Whether looking for a fluffy romance or a spine-chilling horror novel, indie bookstore after-words has them all in just a short walk from Loyola’s Water Tower Campus.
A woman-owned independent bookstore in the heart of the city keeps readers turning the page.
Nestled quietly between the skyscrapers and bustling streets of Chicago’s famous River North neighborhood sits after-words bookstore, new and used books. It is located at 23 E. Illinois St. and is just a 10-minute walk from Loyola’s Water Tower Campus. Behind brick walls and glass windows, jazz music floats through the air as customers dance between bookshelves.
Owner Beverly Dvorkin grew up in the western suburb of Lombard, Illinois, went to school for journalism at Boston University and eventually found herself opening her own new and used bookstore in 1997, following her passion for books rather than her degree.
“There’s been maybe two years out of my life where I haven’t been working in bookstores since I was 15,” Dvorkin said.
After beginning her career working for the bookstore Khrochs & Brentanos in Chicago, which closed in 1995, Dvorkin said she realized she might have enough reused books to open a store.
The building after-words moved into was built in 1896 and sat empty for four decades before she took over, according to Dvorkin. Within the brick walls and wood beams, Dvorkin spent a year and a half gutting and repairing the shop.
As a young woman in business, Dvorkin said she was used to being underestimated. Starting from zero and doing all the work herself, Dvorkin did everything from clearing out wires and fixing the lighting to make her vision come to life.
She built her business up page by page. Book by book.
The independent store is amongst 123,632 other women-owned businesses in Chicago, according to the Center for an Urban Future.
Stepping into after-words, customers initially experience an intimate bookshop on the main level but can follow the “look down” sign into a larger portion of the bookstore. The shelves were once organized to be new on the main level and used in the basement, but Dvorkin reorganized new and used to be mixed together in 2015.
“Used book people will find used bookstores because they’re into it,” Dvorkin said. “Eventually though, largely because of the online bookselling of used books, people have gotten much more comfortable with secondhand books in the general public.”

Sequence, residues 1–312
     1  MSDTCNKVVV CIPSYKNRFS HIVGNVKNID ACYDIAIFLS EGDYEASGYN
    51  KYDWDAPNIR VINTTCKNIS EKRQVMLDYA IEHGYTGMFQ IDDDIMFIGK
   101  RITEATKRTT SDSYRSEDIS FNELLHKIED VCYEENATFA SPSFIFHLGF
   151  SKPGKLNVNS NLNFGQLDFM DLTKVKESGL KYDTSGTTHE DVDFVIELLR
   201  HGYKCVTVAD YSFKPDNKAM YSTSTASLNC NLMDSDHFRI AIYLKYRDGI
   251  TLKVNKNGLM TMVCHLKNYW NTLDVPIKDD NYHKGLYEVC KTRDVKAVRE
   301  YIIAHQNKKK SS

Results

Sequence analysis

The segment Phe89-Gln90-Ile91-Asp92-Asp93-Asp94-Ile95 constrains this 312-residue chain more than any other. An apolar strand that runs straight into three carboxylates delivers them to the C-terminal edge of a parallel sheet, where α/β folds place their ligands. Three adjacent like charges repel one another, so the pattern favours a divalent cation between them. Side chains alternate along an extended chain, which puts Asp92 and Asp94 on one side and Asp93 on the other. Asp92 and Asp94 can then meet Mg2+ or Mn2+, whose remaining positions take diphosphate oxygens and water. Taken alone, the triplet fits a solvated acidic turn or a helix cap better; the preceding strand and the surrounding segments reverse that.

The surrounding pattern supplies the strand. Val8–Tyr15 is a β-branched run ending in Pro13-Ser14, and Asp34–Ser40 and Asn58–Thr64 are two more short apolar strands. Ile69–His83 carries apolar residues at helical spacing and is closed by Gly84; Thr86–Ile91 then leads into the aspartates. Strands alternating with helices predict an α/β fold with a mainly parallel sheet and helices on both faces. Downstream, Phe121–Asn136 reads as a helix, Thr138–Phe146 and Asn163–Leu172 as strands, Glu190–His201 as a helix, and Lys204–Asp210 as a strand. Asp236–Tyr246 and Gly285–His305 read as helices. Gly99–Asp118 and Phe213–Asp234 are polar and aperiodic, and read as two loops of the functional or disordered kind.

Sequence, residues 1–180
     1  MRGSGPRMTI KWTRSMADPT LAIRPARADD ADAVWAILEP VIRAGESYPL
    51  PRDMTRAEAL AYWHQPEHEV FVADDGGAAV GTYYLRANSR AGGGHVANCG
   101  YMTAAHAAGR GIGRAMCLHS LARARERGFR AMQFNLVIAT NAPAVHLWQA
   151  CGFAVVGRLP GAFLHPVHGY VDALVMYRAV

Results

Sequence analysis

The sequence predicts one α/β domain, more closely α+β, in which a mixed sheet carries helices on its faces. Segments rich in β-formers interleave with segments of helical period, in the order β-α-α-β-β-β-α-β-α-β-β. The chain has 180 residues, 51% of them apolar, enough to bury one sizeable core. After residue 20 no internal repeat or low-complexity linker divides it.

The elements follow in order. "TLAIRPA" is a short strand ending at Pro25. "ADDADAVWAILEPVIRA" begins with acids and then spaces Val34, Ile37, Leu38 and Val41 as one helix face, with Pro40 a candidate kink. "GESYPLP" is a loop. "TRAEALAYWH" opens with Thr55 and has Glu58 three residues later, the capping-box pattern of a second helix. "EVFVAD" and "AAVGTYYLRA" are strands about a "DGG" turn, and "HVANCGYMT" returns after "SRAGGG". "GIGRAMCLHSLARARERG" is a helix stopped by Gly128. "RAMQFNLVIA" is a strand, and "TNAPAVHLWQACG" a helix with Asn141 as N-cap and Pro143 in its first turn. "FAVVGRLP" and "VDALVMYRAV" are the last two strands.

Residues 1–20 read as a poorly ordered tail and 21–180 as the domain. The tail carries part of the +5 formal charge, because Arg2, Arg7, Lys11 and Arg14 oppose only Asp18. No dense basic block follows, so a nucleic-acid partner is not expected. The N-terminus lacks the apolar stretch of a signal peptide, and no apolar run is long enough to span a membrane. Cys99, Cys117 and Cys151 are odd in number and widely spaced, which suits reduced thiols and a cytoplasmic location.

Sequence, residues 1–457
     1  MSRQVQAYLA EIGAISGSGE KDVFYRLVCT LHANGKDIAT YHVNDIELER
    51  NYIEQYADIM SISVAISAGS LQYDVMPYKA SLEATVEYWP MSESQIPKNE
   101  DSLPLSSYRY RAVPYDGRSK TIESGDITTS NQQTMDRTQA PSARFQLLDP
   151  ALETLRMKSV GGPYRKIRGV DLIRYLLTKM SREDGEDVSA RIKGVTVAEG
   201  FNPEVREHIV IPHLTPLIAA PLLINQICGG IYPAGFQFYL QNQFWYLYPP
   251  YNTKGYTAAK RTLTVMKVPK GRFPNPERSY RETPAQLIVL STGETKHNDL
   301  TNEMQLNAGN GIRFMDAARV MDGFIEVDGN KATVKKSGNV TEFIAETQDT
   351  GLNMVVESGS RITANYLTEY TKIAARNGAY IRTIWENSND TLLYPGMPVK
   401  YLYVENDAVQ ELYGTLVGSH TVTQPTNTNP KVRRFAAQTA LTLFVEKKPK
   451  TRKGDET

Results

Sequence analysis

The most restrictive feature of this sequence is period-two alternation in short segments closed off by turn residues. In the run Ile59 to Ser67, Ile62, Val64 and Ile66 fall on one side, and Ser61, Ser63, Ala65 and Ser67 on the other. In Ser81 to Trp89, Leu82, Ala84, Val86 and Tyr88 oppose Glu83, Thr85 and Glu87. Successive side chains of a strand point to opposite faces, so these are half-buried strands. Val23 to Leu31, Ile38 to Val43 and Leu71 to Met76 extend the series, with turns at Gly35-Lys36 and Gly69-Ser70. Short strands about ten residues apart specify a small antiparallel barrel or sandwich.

Dvorkin said her customers are split into thirds: college students, locals and “local tourists,” which Dvorkin defines as people who live in the suburbs and visit downtown on the weekends.
Vivian Klosk, sophomore, is a regular to after-words bookstore. The communication major visits every month or two to sit in the basement to read a book or just wander through the store. She keeps postcards from her first visit to after-words on her wall. The store is one of the first places she visited when she came to Chicago for the first time after being accepted into Loyola, said the 19-year-old.
“It felt like my grandmother’s house.” said Klosk, “It’s really comfy, cozy and welcoming. The woman behind the counter always wants to talk about what I’m buying.”
While recounting her fond memories of the store, Klosk remembered taking her friends into the bookstore. The next day, indie pop singer Conan Gray posted the store on his instagram stories, Klosk said.
Klosk sneaks into after-words for quiet moments in the big city. Having a place like after-words is special when the only options are Starbucks and department stores, said Klosk.
First-year student Sophia Hartman is an after-word’s customer who said she cherishes the energy of small bookstores.
“I think that since we’re in the city, going to cute bookstores is very accessible,” Hartman, 18, said. “It’s more of an experience if you go to a bookstore versus shopping online, going to Barnes & Noble or the big book corporations.”
Ever since Hartman discovered the shop through a friend, she’s loved the atmosphere of after-words and its close proximity to Loyola’s Water Tower Campus.
Hartman enjoys the adventure of supporting small businesses and finding new things in the city.
“It romanticizes life a little bit,” the biology major said about her preference for small bookstores over big corporations.
However, large corporations are not the biggest threat to independent book sellers, according to Dvorkin, but landlords, rent and gentrification.
In 1997, the average trade paperback was $14, but in 2023 it’s currently $18, a $4 increase over 26 years, according to Dvorkin. Book prices increase at a slower rate than rent, the owner said. At after-words, there has been an uptick in sales, with the exception of 2001 after 9/11 and throughout the first two years of the COVID-19 pandemic, Dvorkin said.
Starting with the pandemic in 2020, after-words has been part of the online bookselling platform bookshop.org. The site has raised over $25 million for independent bookstores in the United States, United Kingdom and Spain, according to their website.
Before the creation of this online platform, Dvorkin said she already recognized the importance of creating community with other independent bookstores.
“We’re competitors to a point, yes, but we all have different inventories, events and passions.” Dvorkin said. “As a community we can sell the idea of independent bookstores, authors and listening to diverse voices.”
after-words is located at 23 E. Illinois St. and is open Monday through Thursday noon to 8 p.m., Fridays noon to 9 p.m., Saturday 10 a.m. to 10 p.m. and Sunday from noon to 7 p.m.
This story was written by Natalie Pitluck and Xavier Barrios
Featured image courtesy of Xavier Barrios | The Phoenix